We started in the park where Amy made friends with some of the trees and rocks, posing away for me and my camera. Soon it was time for the umbrella to make its much anticipated appearance, and I captured shots of Amy walking along bridges, sitting on rocks, posing as Mary Poppins and just plain having fun – you could tell by the wide smile on her face and the non-stop laughter that was emanating from our direction causing the local ajummas and ajoshis to be rather alarmed. When our imagination had run dry, Amy took out a book and started posing with that instead until she spied one of her students and we decided that enough photos had been taken in the park. Instead we walked down to the river, which wasn't nearly as beautiful as it had been just a few days before when it had been frozen over, and took a few shots there before going home.
Because the river wasn't quite the way we had expected it to be, our second shoot (which would have had a winter theme) was put on hold, and we are currently trying to think up a second shoot that we can do before I leave on Friday evening. So check back here soon for more photos of Amy.
Saturday, February 19, 2011
New York, United States of America
When I was in university, I always aspired to be what was fondly referred to as a woman who spoke out. I wanted to have my own voice, and I wanted to use it. I wanted to be independent, confident, sexy and smart. Today, when I think of the women that I know, there is one who definitely sticks out in my mind as encompassing all of those attributes. From the moment I met Shaina Ricketts, I knew that she was a force to be reckoned with. Loud, confident and not prepared to face anyone's shit, Shai is ready to face anything that life can throw at her.
Shai and I had three shoots together focussing on three different aspects of her life. The first was a shoot in the gym where Shai has spent most of her time over the last few months. Dressed in some colourful, sexy attire, Shai started her workout, even going so far as to run on the treadmill in her black thigh-high stilettos, while I snapped away and tried to capture the energy that emanated from her. It was a tad unfortunate that the gym was not too aesthetically pleasing, but I decided to take what I could get and tried to make the best of it. Thankfully, Shai was more than willing to oblige, and the two of us had fun huffing and puffing to try and get it all done (yes, even me – I was climbing on chairs and getting myself into some awkard positions after all).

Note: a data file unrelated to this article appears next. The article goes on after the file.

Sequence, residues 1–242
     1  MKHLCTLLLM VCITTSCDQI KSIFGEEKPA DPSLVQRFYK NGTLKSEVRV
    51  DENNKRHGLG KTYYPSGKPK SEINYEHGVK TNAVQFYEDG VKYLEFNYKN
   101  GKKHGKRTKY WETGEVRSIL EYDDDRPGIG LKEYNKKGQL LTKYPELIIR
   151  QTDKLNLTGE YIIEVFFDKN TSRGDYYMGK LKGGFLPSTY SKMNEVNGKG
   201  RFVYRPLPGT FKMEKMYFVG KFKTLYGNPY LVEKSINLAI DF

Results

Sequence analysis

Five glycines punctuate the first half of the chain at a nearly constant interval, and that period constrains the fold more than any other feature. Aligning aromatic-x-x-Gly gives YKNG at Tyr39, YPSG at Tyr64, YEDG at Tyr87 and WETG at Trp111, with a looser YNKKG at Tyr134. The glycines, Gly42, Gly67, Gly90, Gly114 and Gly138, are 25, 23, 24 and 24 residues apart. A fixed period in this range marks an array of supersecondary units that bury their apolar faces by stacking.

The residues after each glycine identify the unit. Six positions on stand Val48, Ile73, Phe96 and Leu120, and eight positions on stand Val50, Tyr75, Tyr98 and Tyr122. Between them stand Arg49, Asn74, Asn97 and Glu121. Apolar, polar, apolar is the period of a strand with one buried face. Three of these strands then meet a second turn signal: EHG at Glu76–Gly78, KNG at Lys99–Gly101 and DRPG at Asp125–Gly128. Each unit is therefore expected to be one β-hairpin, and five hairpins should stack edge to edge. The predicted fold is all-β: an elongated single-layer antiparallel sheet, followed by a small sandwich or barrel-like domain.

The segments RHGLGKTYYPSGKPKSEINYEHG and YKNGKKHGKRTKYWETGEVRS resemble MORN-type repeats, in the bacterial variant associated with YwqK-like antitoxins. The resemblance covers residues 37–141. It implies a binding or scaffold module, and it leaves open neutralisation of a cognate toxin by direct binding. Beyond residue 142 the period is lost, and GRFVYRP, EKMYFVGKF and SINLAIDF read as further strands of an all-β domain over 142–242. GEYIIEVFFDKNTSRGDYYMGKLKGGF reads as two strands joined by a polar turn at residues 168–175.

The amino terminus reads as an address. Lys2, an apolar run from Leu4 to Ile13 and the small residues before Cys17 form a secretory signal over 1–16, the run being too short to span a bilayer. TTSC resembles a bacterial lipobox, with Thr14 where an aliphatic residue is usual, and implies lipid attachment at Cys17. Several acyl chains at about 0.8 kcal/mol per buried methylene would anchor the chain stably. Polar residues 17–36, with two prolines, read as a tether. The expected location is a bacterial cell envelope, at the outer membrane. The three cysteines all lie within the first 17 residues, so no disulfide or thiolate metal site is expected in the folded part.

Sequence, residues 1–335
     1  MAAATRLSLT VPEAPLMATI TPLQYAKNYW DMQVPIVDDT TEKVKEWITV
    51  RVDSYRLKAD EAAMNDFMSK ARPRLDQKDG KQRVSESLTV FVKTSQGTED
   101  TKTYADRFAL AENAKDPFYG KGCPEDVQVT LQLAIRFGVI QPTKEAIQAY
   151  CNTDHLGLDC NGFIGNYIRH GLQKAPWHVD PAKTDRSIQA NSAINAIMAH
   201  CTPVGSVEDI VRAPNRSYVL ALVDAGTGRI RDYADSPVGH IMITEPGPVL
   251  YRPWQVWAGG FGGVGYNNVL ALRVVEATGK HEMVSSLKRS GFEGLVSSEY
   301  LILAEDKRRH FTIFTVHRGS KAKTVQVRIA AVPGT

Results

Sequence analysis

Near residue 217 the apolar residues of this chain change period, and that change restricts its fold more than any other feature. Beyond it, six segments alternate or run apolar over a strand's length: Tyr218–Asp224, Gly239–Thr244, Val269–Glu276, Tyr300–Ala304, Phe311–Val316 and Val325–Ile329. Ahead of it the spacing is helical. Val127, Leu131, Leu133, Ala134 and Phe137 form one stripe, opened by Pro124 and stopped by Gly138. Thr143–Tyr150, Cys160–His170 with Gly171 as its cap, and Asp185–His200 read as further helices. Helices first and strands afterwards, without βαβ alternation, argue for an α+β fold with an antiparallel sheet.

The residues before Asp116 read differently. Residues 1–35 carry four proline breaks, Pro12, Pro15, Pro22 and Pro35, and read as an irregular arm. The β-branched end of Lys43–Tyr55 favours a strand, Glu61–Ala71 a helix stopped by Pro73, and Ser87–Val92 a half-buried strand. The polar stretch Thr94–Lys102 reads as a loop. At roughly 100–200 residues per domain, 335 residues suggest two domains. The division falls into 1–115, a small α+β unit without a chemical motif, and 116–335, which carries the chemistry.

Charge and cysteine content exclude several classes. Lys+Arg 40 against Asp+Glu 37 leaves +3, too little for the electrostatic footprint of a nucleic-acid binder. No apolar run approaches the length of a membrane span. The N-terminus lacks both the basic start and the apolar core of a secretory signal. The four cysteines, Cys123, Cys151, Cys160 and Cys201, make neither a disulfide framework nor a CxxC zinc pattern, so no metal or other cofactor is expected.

Once we were all worked out it was time to take some simplistic shots trying to focus on blacks, greys and whites and just trying to get some good portraits to show the person that Shai is without any props, without any distractions – just Shai being Shai. Laughter rang through the hallways as we chatted away about life and Shai rattled off in her adoring way about Rob, absent-mindedly glancing at the bracelet and necklace that had been presents from him. The way her whole face lit up when she thought of him was something that I was lucky to capture on (digital) film, and these ended up being some of my favourites photos of the day.
We decided to make the last shoot an outdoor one and took full advantage of the afternoon sunlight and brief warmth to take some fun photos in the park. This brought out Shai's playful side perfectly as she hung off bars, slid down slides, climbed jungle gyms and played soccer with the boys just to give me some great, colourful, fun shots to work with. I was glad to catch a glimpse of the fun Shai that I have come to know and love. I took full advantage of that, snapping away as many photos as I could and even sneakily taking a video of her playing soccer.